Examine the role of force and violence in Shakespeare's Macbeth. Are these actions justified for their own sake or only as a means to an end? How would Machiavelli view these behaviors?

Expert Answers

An illustration of the letter 'A' in a speech bubbles

Though Macbeth is initially portrayed as an honest, loyal thane of King Duncan, we see very early on that he is capable of extreme acts of violence, as he disembowels and decapitates the rebel leader Macdonwald in battle. Macbeth 's Scotland was one in which a man's ability to...

Unlock
This Answer Now

Start your 48-hour free trial to unlock this answer and thousands more. Enjoy eNotes ad-free and cancel anytime.

Start your 48-Hour Free Trial

Though Macbeth is initially portrayed as an honest, loyal thane of King Duncan, we see very early on that he is capable of extreme acts of violence, as he disembowels and decapitates the rebel leader Macdonwald in battle. Macbeth's Scotland was one in which a man's ability to use force and violence were the measure of his masculinity and his worth. It is the fact that Macbeth uses violence to usurp his natural place in Scotland that carries him down a path to destruction. When he kills the King, he kills a divinely-chosen leader, God's representative in Scotland. He is thus a usurper, and is forced (as he sees it) to defend his position with more violence, though notably he uses assassins to carry out the murders of Banquo and Macduff's family. So violence is not necessarily bad in and of itself in Macbeth, but disloyalty and usurpation of the natural order of things are. As for how Machiavelli would have viewed these developments, we can say that he (at least if we are going by his treatise The Prince) would have not necessarily had any compunction about the treachery of Macbeth, but he ultimately thought that leaders who constantly schemed and betrayed were engaging in self-defeating behavior:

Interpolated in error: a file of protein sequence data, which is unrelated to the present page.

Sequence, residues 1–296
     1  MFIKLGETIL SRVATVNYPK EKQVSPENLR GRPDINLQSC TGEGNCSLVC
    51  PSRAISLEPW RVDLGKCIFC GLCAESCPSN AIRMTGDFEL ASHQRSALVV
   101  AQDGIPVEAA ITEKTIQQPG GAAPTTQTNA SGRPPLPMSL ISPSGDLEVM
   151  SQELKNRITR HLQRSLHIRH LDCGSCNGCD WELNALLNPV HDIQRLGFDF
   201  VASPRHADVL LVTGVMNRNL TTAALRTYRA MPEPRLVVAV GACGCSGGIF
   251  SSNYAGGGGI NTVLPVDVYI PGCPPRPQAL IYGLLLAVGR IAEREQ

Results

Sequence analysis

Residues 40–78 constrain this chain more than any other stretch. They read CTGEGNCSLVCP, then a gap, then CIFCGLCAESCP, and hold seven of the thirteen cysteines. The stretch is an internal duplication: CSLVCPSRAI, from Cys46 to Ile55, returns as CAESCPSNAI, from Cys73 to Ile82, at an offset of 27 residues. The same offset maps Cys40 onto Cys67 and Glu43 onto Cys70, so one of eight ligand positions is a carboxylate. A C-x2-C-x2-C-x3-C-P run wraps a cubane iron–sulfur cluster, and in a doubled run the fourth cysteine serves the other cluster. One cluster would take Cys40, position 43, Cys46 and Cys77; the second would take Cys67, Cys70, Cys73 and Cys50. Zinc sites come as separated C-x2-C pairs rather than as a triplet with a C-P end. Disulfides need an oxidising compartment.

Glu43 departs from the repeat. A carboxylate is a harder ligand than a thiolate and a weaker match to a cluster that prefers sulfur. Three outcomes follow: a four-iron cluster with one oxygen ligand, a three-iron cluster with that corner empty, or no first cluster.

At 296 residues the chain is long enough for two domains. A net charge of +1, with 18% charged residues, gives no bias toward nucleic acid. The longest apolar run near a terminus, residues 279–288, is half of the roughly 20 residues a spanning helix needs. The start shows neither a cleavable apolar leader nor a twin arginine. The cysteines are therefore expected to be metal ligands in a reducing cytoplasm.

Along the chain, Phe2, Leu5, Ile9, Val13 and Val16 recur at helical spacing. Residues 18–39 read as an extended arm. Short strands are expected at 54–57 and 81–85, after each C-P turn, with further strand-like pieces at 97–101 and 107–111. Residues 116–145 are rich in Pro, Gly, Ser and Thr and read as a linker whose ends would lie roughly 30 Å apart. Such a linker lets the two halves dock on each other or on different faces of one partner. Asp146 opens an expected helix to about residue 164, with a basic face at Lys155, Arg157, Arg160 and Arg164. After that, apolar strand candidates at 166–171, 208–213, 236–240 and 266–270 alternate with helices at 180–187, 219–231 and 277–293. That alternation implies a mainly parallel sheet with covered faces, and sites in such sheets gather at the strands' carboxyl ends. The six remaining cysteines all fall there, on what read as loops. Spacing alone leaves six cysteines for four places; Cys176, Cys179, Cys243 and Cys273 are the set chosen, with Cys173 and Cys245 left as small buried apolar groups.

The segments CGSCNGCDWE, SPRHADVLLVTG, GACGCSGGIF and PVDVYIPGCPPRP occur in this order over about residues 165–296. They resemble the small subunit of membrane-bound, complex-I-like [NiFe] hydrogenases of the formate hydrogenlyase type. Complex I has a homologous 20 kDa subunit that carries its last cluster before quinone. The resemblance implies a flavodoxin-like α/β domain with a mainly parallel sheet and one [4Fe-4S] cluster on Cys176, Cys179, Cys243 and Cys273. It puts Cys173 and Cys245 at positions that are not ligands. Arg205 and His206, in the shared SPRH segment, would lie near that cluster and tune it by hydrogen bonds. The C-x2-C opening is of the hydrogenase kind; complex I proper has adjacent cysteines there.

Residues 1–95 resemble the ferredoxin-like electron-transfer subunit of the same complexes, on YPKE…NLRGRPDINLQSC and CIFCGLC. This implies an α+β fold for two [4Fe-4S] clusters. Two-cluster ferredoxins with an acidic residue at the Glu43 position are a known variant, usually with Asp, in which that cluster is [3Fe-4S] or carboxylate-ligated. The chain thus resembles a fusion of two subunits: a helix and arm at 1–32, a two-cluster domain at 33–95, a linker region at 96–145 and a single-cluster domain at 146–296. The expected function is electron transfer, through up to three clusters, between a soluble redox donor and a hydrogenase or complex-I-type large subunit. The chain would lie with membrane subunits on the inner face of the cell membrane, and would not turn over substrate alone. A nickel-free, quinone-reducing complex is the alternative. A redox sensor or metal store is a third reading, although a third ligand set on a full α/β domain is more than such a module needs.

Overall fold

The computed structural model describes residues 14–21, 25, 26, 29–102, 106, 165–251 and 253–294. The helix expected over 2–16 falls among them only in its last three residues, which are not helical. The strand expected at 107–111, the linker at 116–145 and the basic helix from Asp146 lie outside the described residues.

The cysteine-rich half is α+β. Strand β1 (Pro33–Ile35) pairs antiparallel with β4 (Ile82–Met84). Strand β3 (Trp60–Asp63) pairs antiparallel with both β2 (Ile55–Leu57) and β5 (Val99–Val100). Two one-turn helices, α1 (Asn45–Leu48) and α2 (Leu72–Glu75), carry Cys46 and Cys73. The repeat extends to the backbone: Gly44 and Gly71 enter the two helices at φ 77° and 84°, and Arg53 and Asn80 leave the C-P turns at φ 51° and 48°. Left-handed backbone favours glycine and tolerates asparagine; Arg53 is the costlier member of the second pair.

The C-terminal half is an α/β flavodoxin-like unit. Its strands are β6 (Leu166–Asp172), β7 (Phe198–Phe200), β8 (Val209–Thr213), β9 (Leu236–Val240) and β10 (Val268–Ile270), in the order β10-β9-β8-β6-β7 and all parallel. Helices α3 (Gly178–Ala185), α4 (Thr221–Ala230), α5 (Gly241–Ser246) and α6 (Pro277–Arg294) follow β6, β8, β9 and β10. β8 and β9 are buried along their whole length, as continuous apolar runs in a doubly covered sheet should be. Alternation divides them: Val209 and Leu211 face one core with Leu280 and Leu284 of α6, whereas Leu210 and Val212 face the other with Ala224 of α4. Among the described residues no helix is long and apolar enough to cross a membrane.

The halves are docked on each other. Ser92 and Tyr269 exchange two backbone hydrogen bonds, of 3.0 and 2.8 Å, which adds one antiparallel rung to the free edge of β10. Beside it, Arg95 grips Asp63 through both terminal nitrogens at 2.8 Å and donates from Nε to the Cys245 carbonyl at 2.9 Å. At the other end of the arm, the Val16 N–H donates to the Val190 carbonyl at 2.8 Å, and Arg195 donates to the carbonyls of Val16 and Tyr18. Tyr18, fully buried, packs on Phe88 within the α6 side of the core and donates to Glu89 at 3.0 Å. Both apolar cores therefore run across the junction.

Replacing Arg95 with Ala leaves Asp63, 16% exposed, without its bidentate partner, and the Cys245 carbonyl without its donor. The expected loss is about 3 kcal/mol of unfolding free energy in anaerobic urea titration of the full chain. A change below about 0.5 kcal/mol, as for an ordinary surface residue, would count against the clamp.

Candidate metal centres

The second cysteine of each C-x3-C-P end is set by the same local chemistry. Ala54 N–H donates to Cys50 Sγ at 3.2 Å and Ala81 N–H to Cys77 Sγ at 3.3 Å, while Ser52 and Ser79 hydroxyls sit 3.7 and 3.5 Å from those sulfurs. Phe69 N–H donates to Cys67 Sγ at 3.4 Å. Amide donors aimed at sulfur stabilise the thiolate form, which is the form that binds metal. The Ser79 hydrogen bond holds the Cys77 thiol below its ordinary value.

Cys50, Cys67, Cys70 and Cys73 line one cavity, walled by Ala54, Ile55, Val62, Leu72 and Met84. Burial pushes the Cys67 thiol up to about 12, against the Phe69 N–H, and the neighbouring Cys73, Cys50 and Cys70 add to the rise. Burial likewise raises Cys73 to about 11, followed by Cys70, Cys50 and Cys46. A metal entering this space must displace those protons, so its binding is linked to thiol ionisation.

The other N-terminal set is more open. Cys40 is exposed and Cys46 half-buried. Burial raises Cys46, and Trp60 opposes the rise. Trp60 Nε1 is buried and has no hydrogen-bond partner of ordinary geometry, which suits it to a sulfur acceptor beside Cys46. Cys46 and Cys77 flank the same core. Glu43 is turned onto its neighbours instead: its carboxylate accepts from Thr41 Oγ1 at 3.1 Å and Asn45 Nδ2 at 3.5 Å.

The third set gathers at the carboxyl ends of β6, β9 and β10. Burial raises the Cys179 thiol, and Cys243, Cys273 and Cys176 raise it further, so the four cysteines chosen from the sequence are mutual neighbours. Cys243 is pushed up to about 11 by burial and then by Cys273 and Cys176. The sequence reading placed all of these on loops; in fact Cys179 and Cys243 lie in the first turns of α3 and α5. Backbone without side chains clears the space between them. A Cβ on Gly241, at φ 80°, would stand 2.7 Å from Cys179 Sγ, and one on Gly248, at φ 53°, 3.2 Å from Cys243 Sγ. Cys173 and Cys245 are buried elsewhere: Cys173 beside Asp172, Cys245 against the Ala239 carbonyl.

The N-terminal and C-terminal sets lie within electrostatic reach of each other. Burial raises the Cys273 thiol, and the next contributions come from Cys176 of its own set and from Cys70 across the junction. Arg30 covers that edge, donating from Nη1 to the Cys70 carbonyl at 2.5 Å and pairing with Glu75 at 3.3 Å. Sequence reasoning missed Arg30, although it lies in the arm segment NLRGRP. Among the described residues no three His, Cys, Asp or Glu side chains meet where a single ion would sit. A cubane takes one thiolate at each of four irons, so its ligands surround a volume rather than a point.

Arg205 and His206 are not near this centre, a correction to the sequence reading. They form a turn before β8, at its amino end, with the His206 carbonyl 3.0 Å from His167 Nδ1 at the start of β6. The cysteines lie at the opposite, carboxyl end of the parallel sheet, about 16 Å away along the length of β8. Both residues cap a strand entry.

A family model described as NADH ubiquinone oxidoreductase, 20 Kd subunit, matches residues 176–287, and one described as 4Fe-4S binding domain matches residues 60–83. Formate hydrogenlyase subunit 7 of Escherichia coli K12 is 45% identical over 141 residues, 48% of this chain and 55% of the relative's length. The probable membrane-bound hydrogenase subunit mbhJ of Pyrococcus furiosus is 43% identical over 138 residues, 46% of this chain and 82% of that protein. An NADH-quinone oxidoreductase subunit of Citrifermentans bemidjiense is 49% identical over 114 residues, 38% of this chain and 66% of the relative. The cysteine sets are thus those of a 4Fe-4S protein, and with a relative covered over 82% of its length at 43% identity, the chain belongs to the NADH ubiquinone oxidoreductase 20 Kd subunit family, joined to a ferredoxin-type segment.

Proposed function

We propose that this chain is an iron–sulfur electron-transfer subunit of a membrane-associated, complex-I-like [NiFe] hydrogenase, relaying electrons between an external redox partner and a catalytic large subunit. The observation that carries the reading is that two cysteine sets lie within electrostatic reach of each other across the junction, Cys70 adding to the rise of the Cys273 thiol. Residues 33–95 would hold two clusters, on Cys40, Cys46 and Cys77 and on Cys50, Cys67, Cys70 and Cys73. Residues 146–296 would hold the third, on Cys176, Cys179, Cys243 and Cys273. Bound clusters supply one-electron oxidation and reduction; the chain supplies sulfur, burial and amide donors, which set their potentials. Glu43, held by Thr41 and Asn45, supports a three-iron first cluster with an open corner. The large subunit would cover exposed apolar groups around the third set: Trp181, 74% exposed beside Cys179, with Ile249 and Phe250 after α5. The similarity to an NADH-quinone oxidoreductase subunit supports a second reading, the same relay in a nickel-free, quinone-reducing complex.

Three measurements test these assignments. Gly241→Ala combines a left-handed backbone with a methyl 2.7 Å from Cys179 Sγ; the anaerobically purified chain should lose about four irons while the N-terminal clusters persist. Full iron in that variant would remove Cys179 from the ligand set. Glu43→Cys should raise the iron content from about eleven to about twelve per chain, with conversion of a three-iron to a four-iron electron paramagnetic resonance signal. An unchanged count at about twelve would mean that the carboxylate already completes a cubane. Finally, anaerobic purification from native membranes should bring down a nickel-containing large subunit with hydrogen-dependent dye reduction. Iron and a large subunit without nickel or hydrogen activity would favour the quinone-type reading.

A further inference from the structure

Still, to slaughter fellow-citizens, to betray friends, to be devoid of honour, pity, and religion, cannot be counted as merits, for these are means which may lead to power, but which confer no glory. 

Macbeth's tyranny and unrestrained use of violence were his undoing, and Machiavelli certainly could have predicted this.

Approved by eNotes Editorial Team